Lonza posted $2.4 billion in sales in 2006, up nearly 16 percent over the previous year, and the company has been pushing its business more heavily into biopharmaceuticals. Lonza shed a polymer chemicals business and a high-tech film business in 2006, and it bought a peptides business, a biomanufacturing plant in Spain and Cambrex Corp.’s biologicals business, a $460 million deal that included the Hopkinton plant and a plant in Baltimore.

UBS Ltd. analyst Thomas Gilbert wrote in a report to clients last month that after Lonza’s repositioning, the company should achieve “double-digit five-year EPS (earnings per share) growth, ahead of chem and pharma sector averages as Lonza’s fermenters are filled with protein-based” products. UBS, which has done investment banking for Lonza, has a “neutral 1” rating on the stock.

Built in 1987 for Seragen Inc., a biotechnology company backed by Boston University, Lonza’s Hopkinton plant has been through a number of owners. Seragen transferred it to Marathon Biopharmaceuticals Inc., which sold it to Ligand Pharmaceuticals Inc. CoPharma Inc. bought it in 2000, then Cambrex purchased the plant in 2001.

Lonza will close its Baltimore plant in 2008. Production of Tercica Inc.’s growth-factor treatment Increlex is scheduled to move from Baltimore to Hopkinton. Mr. Rotunno, who has worked at the Hopkinton plant for 13 years for various owners, said all the Baltimore employees have been offered jobs in Hopkinton or at other Lonza sites.

Some biotech plants use mammalian cell cultures, such as hamster cells, to churn out proteins that get purified and mixed into drugs. Lonza’s Hopkinton plant uses microorganisms such as yeast to produce desired molecules.

Lonza expects to expand a research and development suite, add three large-scale production suites with equipment big enough to hold 2,000 to 3,000 liters of material and build an additional two to three stories onto one of its buildings. The additional 250 workers will grow Lonza’s current work force of 142 people.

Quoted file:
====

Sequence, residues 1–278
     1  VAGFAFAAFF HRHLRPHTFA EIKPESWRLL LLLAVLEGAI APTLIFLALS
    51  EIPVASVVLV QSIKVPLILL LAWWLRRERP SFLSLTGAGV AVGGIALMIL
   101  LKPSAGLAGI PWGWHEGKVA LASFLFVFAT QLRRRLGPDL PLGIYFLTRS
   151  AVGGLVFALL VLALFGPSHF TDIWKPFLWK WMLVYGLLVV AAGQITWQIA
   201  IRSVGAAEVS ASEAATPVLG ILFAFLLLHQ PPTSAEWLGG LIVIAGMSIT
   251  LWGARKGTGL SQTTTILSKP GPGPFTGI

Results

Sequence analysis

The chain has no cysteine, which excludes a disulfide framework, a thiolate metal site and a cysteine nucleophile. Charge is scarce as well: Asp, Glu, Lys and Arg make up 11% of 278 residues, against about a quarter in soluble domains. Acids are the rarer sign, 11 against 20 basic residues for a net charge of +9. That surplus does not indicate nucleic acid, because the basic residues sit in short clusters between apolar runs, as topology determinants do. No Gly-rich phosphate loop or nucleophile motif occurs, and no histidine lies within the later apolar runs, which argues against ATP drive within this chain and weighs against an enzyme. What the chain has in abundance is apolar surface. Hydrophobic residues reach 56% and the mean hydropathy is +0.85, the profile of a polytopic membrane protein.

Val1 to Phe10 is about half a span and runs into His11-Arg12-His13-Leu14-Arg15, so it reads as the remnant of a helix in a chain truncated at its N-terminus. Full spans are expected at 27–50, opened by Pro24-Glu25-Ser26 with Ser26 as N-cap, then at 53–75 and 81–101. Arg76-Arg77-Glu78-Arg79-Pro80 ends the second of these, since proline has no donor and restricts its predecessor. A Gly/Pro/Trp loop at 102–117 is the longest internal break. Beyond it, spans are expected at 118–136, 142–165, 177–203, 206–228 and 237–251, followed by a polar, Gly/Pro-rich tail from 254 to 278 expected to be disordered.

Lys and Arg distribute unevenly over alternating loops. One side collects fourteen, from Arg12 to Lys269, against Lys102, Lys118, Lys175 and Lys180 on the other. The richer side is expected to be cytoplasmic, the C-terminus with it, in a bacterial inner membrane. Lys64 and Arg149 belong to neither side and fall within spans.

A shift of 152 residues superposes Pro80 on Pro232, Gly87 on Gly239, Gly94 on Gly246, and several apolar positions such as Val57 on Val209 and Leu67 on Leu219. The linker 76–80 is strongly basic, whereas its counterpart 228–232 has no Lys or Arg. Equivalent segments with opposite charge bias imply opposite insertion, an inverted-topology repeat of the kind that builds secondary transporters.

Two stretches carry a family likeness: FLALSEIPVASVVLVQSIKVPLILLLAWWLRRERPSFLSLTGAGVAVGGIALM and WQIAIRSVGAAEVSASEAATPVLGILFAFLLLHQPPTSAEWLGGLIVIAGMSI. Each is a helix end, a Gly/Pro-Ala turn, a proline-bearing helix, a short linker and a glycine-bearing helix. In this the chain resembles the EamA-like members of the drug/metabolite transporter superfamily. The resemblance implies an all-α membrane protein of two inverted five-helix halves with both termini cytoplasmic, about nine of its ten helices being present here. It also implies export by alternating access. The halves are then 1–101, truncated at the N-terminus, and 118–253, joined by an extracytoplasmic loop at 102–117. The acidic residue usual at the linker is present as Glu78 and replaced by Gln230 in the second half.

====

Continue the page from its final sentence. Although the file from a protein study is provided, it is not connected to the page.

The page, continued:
With additional space and workers, Lonza expects to run its Hopkinton center around the clock, said Mr. Rotunno.

“We’re getting the expansion, obviously, which is going to double or triple our capacity,” said Mr. Rotunno, who described Lonza’s takeover of the plant as a chance to tap into more resources. “We’re getting upward of 250 people. We’re getting training.”

Lonza chose Massachusetts over Maryland for expansion, he said, because of the work force in the area, Mr. Rotunno said.

“There’s a great pool of people, both experienced and nonexperienced people coming out of college,” he said.

Lonza is tapping into an array of state and local financial incentives to launch its Hopkinton expansion. The company will receive a 5 percent state investment tax credit. The town granted the company an eight-year tax increment financing deal that will cut about $684,180 from Lonza’s property tax bills. But the company should still make about $1.6 million in local tax payments over eight years, said Lynn Tokarczyk, a government incentives consultant with Business Development Strategies Inc. of Medway, which worked with Lonza.

“The town really wanted to keep Lonza in Hopkinton because Lonza had other real estate options,” Ms. Tokarczyk said. “They’re an international company … they have other locations they could have expanded to throughout the U.S.”

More requests for help may be on the way. Hopkinton and Lonza officials are looking into whether the Massachusetts Opportunity Relocation and Expansion program could provide money to help Hopkinton wring more capacity out of its wastewater treatment system. The system, which sends some wastewater to Westboro for treatment and is running over capacity on certain days, will be important to Lonza because it expects to release an additional 10,000 gallons of wastewater a day after its expansion, according to J.T. Gaucher, Hopkinton director of public works.

“We’re looking at measures to seal up our sanitary sewer collection system,” Mr. Gaucher said.